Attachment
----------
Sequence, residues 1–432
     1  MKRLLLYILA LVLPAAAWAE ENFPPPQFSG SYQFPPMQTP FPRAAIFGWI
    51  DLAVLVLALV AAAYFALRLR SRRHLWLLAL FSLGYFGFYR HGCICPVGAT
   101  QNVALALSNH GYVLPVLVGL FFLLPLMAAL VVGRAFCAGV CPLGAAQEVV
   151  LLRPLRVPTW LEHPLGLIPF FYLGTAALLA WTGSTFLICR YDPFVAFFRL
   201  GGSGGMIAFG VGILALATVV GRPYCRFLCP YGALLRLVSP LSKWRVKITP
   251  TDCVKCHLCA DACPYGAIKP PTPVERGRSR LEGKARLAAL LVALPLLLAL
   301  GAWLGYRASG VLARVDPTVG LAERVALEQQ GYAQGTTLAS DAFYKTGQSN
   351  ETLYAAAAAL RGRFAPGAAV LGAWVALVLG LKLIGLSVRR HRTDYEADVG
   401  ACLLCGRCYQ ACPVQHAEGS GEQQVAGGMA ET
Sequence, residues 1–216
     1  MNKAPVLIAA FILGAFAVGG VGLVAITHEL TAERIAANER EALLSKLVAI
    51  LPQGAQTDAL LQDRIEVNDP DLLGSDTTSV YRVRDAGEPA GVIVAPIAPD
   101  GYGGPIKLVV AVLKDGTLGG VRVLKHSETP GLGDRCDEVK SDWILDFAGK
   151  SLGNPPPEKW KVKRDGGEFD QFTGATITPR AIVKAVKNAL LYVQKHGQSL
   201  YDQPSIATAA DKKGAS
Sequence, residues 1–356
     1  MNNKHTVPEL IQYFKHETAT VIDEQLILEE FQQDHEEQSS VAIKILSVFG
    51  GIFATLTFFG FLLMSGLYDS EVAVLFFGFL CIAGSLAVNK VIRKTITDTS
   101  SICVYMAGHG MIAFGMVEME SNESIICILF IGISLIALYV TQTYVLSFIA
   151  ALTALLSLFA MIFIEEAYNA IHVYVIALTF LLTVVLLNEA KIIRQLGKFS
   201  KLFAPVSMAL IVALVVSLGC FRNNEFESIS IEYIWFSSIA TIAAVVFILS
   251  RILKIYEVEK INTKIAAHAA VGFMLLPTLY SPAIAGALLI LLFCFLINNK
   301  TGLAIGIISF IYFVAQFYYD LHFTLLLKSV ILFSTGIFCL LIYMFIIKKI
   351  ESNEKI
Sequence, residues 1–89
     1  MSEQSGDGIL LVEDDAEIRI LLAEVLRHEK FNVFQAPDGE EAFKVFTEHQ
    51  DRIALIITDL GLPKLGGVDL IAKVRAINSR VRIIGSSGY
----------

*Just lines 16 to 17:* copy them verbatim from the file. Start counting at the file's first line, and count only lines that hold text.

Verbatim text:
   201  YDQPSIATAA DKKGAS
Sequence, residues 1–356